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Murders for early June

Jeremy Black’s ominous murder mystery round-up for the early summer

A married couple who have sex! Surely not in a Golden Age detective novel! Well, yes, I was surprised, not least in the approach taken, which includes being told that Agnes has wonderful legs, a great body, but a very different face. So, Murder’s A Swine (1943; British Crime Classics, 2020, £8.99) is somewhat different. The author, Nap Lombard. Not heard of him, or his earlier Tidy Death (1940)? Well, of course, a pseudonym, as are many of the best works, a joint one in this case for Pamela Hansford Johnson and her husband, Gordon Neil Stewart. They were air-raid wardens at the start of the war which is when this is set. There is some breezy writing and gentle fun, as with Mrs Rowse the writer of incessant jolly hockey-stick novels: “When I wrote my last chapter, where Fernia Prideaux saved the Prime Minister’s life and became a Dame of the British Empire on her seventeenth birthday I thought, Is that too far-fetched? Will my public accept it? But now I know that it would be impossible for my poor imagination to compete with the marvellous invention of life. So I shall proceed with confidence to Chapter the Last, where Dame Fernia unmasks Miss Herring, the geography mistress, as a Nazi spy by the name of Hermann Uberfluing.” There is also the New Year Concert of the Milmanscroft Road Division Guides and Scouts where the opening number begins

It is apparently acceptable to kill in war but not convicted murderers

“We are the Guides of Milmanscroft,
We always hold our flags aloft.”

or you could go to see the revival of the “terribly highbrow” My Uncle Polovtsnai at the Avant-Garde Club: “All the actors wear chromium masks and talk baby-talk.”

Like life, the novel keeps varying its timbre and fragmenting its tone. Alongside Thin Man type repartee that can get overly mannered, there is a sadistic and remorseless killer. Masses of whisky is drunk, there is the strain and bravery of war, not least partings, and a closing scene in which the laugh unintentionally is on us. Mrs Bawford-Bishop, the Secretary of the BRSC (Burn the Rope Society, since you ask) is thrown out by Agnes when trying to elicit her signature for a petition for a reprieve for the very vile and persistent murderer. The snobbish Mrs Bawford-Bishop closes the book certain that she will prevail. That must have seemed ridiculous in 1943, but alas she was correct. It is apparently acceptable to kill in war but not convicted murderers. Bizarrre.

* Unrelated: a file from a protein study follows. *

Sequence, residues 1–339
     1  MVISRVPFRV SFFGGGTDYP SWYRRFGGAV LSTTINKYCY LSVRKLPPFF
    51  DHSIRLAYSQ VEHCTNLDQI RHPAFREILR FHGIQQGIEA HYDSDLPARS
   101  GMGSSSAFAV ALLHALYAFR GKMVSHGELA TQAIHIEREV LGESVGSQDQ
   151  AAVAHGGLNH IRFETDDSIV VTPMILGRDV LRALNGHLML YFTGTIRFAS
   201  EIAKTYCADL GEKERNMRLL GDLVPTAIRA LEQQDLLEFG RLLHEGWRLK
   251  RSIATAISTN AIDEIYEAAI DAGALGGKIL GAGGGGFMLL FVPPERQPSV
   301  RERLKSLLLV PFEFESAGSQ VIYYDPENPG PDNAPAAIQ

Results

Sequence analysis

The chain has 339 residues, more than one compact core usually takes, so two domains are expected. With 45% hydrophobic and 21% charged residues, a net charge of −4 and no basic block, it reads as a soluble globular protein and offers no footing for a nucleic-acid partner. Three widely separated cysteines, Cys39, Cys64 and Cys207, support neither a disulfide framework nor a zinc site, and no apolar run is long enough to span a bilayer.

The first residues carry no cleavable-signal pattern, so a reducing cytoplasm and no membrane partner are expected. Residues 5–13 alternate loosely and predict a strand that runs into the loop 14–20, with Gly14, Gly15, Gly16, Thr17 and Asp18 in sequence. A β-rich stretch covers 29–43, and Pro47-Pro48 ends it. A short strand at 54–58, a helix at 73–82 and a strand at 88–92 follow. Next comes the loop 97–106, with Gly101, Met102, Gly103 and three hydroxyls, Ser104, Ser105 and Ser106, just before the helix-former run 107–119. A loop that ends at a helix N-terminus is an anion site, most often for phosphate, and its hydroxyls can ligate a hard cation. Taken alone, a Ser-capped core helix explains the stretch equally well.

Two-Way Murder by E.C.R. Lorac (British Crime Classics, 2021, £8.99) is very different in both background and tone as it has never been published before, being left by Edith Caroline Rivett (Lorac was the pseudonym, 1894-1958) as a typescript, having been presumably written soon before she died. The series has done much to return Lorac to her deserved place as one of the best of detective writers over the last century. This brilliant novel, which hinges on alibis, involves much driving around in the fog as well as a hunt ball. Clues are various, including ‘all the lovelies are completely sceptical about Michael having a petting party in his car for an hour or so, because he isn’t that sort of bloke, and there wasn’t a single girl at the ball who was missing for over an hour.’ The characters are well-etched, the twists succeed, and this becomes a page-turner. The police are nicely varied in ability, character and method, reminding me of an email I received from Peter Villiers:

“P.D. James once gave a very entertaining lecture at the Police Staff College at Bramshill and said that she would like to have set a murder mystery there. Sadly, she never did. On the other hand, we professional sleuths would never have solved it.”

Due To A Death by Mary Kelly (1962; British Crime Classics, £8.99) begins in a very different fashion. There is energy and urgency from the first line, and a rapid transition to a coastline and society that is dystopian, not least in comparison to the Lorac setting in rural Sussex. A murdered girl is found in an estuarine marsh near a cement works. Thus, for an example of tone:

“I got out of the car, swinging my feet round puddles in which chalk lay like a sediment; some were filmed with rainbow oil that had seeped from a resting lorry. At the end of the lay-by the thickets behind the barbed wire thinned to a curtain of creeper, then stopped, where the chalk was clawed to within yards of the trunk road. A hundred feet below was the roof of the cement works; one of the cement works, for there were many. The rain had pasted its dust to khaki mud, which in patches was dried by the sun. Beyond the works lay the marsh, and in the middle distance the river, a flat aluminium sheet: the brightest sky could never make it blue.”

This is impressive as a novel, but certainly not reassuring.

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